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Life is blissful considering the many aspects of social life we enjoy with our loved ones. However, there comes a time of loss, and everything would appear upside-down. Intense feelings of grief, bitterness, emotional distress, and psychological imbalances are phenomenal when a loved one dies (Balk, Zaengle, and Corr 145). It would later learn as a minor when my close cousin, named Steven, who died of leukemia at the age of 21, but found out he had cancer at the age of 19. In the aftermath of his demise, I was almost depressed. There were intense feelings of loss and sadness, and I always withdraw from friends and most social settings. While I would accept support from my loved ones, I have completely lost the taste for vibrant social gatherings either at school, within our homestead or in the neighborhoods.
My parents said that I should accompany them to the hospital to visit Steven. It would make him happy. It was on a Friday evening eight years ago. I remember this day vividly as if it was yesterday. It was a painful evening among the many that we encountered because of the misfortune that had dawned on us. Minutes later, we reached the hospital and entered his room. He welcomed us with a big smile on his face. Only it did not last long as it was accompanied with a slight whimper as he returned to bed. We all held his hand and said hello with sympathetic expressions on our faces. My mother probed to find out if the food was sufficient and how the nurses were treating him. In a moment a nurse came in and smiled at him saying, "Hi Steven, I see you have visitors." No sooner had Steven chuckled than he started groaning in agony. The nurse rushed to him and helped to contain the pain in vain. It appeared like Steven could not take it anymore. My heart melted, my conscience was lost for once, I though sickness could be a part of the chores we do at home so I could help Steven fight back. It was a depressing moment. I went closer to the bed and said amidst sighs of grief, "Steven, you will be alright I promise".
School and domestic chores lost meaning to me in the absence of Steven, my mentor, and role model, such a lovely peer. After some days we went back to check on his progress, but his deteriorating health saddened us. This time he did not smile upon seeing us. He was barely awake and only spoke a few words. The once cheerful nurse was no longer pleasant then. She came to Steven's room with a melancholic face. She informed my parents of Steven's worsening cancer condition. The radiation treatment was taking a toll on him. I later researched on radiotherapy and chemotherapy in cancer management and the symptoms were that severe (Shimada et al. 179). He could not handle the pain. The nurses had given him the maximum dosage of painkillers, but Steven still writhed with pain. We left hoping and praying that everything would be okay with him. The tension was palpable, and despair was real among family members. Fortunately, after one year of battling Leukaemia, Steven's health improved and he was well. Despite lack of hair as a result of the radiation, he looked more cheerful than ever. We all organized a welcome home party for him at his parent's house. We showered him with lots of love and gifts you could think it was Christmas. Half a year later, the cancer was back, and I felt I was losing the war! What a misfortune! It has never been sadder than the day we received the news. Steven was afraid. He did not want to undergo the painful experience he had suffered the previous year. I could see it on his face even as he reassured his family and himself. He was like a brother to me. The doctor understood Steven's predicament and offered an alternative. He asked us to consider a bone marrow transplant as an alternative treatment. Steven smiled hopefully. He preferred 12 hours of surgery to endless months of radiation treatment. He was scheduled immediately for the operation.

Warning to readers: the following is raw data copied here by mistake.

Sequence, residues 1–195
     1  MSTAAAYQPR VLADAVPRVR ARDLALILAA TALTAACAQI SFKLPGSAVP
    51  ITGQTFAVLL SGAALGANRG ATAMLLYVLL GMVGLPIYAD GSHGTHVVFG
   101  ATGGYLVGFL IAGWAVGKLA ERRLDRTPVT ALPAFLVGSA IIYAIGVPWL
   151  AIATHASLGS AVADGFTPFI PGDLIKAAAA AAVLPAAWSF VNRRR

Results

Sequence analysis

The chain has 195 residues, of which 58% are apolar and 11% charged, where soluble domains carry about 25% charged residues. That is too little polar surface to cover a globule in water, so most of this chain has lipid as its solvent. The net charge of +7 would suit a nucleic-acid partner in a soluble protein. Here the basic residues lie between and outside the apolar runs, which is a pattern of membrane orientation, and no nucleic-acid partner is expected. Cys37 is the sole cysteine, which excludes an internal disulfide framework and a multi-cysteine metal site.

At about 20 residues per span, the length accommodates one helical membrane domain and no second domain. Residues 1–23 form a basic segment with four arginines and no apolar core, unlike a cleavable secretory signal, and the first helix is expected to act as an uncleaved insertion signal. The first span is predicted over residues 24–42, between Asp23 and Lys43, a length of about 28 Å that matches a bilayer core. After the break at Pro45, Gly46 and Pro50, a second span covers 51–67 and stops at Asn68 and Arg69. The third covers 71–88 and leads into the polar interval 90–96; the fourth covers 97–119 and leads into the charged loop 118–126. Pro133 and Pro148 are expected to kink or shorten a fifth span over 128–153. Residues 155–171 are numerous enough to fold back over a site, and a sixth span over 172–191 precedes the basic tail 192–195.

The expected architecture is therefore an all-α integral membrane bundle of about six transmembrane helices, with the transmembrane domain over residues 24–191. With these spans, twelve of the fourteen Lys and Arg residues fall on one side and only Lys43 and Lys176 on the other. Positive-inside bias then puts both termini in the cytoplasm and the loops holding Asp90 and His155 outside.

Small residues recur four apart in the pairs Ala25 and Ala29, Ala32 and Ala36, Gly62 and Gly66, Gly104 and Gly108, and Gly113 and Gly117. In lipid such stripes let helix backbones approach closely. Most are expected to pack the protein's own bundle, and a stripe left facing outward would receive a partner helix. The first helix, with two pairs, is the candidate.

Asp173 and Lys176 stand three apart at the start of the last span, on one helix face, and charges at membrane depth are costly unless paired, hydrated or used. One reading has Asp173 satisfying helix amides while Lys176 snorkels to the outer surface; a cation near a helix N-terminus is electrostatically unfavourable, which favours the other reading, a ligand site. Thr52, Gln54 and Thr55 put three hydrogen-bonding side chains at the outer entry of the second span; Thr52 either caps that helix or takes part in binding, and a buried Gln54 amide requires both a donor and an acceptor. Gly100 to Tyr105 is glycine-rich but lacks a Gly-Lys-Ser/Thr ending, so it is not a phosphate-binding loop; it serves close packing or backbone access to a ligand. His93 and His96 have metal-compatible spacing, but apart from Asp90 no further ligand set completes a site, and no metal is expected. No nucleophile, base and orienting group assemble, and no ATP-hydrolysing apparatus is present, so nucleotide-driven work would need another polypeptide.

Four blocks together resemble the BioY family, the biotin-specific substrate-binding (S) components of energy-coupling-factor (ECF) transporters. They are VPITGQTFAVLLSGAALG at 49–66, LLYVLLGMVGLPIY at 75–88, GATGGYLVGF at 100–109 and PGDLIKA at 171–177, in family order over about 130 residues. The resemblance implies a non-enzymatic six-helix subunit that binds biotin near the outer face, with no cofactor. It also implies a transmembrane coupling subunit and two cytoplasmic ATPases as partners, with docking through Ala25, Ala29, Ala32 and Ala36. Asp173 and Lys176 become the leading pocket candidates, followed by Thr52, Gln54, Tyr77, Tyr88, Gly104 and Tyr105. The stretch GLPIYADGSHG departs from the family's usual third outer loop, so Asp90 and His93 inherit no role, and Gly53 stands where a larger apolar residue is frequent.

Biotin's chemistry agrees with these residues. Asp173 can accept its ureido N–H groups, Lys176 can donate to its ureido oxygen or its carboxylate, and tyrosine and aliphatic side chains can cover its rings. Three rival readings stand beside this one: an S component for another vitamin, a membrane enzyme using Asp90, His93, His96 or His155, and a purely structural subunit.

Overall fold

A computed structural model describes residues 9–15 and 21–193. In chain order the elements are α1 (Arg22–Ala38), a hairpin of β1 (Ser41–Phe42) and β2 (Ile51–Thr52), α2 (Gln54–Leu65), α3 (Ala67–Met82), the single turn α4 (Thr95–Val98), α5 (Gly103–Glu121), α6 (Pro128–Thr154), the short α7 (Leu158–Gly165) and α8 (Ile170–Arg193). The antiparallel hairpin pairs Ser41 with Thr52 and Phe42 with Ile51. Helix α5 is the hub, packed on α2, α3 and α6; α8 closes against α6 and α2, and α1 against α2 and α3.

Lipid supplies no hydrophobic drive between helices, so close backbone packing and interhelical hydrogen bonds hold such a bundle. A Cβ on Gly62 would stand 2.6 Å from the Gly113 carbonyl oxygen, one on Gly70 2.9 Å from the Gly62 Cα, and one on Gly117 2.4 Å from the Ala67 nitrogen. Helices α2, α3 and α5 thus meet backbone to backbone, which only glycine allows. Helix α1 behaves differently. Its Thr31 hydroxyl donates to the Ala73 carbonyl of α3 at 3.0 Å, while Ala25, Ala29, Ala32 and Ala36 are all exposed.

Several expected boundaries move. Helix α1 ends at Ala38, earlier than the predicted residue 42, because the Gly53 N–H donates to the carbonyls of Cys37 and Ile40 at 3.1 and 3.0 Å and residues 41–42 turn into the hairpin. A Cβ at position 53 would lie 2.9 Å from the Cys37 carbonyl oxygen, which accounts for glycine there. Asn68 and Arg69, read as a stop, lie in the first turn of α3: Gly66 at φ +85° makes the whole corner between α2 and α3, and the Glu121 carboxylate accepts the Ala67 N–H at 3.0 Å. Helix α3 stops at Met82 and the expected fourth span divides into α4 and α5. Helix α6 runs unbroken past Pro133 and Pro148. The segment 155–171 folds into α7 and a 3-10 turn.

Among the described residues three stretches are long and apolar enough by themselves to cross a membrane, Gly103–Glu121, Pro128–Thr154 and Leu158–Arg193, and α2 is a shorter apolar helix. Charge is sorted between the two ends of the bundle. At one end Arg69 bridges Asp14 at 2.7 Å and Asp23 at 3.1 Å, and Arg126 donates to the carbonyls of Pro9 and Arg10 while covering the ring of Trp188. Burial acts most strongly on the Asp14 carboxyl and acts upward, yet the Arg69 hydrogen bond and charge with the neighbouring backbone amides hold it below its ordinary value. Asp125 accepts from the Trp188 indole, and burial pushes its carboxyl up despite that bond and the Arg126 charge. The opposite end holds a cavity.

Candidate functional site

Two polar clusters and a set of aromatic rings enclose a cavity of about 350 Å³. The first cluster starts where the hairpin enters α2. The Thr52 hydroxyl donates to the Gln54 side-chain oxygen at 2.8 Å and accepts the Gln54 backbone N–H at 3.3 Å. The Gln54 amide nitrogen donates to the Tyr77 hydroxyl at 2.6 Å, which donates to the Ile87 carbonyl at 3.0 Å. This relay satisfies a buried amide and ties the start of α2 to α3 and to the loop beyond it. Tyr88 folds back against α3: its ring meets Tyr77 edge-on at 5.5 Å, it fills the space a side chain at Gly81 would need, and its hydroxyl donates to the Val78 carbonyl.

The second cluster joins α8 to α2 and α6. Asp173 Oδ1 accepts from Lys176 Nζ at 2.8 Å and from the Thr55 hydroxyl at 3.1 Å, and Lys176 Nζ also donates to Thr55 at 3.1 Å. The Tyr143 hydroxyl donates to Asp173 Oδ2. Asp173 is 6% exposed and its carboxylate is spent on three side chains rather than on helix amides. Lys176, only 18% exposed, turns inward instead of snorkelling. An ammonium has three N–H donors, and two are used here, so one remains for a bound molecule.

On the morning of the surgery, the whole family visited him in his room and said a short prayer to wish him a successful operation. Little did we know how unsuccessful it would be. After the anesthesia kicked in, it was the last time we saw Steven awake. Twelve hours later, his eyes were still shut. Now he only saw the darkness that we had hoped the doctors would save him from. He was in a comma. The sadness overwhelmed us. Steven's mother was in so much pain that she fainted and we had to care for her until she was conscious. We went home with little hope in our hearts. Day after day, I visited Steven alone. Both his parents felt too much pain to see him in his condition. However, I had never given up on him and went to the hospital every day after school. The doctors said that during the surgery, there were some complications and his kidney was failing. After the hospital notified his parents that he had little time left, they brought a priest to his room who prayed for him. A week later he died. We buried him as our tears filled his grave.
The first year was hard, and not used to not having around as he visits us every week. I had trouble thinking or different things other than Steven. There was difficulty accepting that he was no more, I have a longing lasting for him ever to appear again. The positive memories about my cousin often leave me without trust for the world and whatever is in it, with grieving that seems to worsen than improve. I miss you, Steven, rest in peace.
Balk, David E., Donna Zaengle, and Charles A. Corr. “Strengthening Grief Support for Adolescents Coping with a Peer’s Death.” School Psychology International 32(2), 2011, pp. 144–162.
Shimada, Takako, T. Saito, M. Okadome, K. Shimamoto, K. Ariyoshi, T. Eto, Y. Tomita, and K. Kodama “Secondary Leukemia after Chemotherapy And/or Radiotherapy for Gynecologic Neoplasia.” International Journal of Gynecological Cancer, 2014, pp. 178–183.
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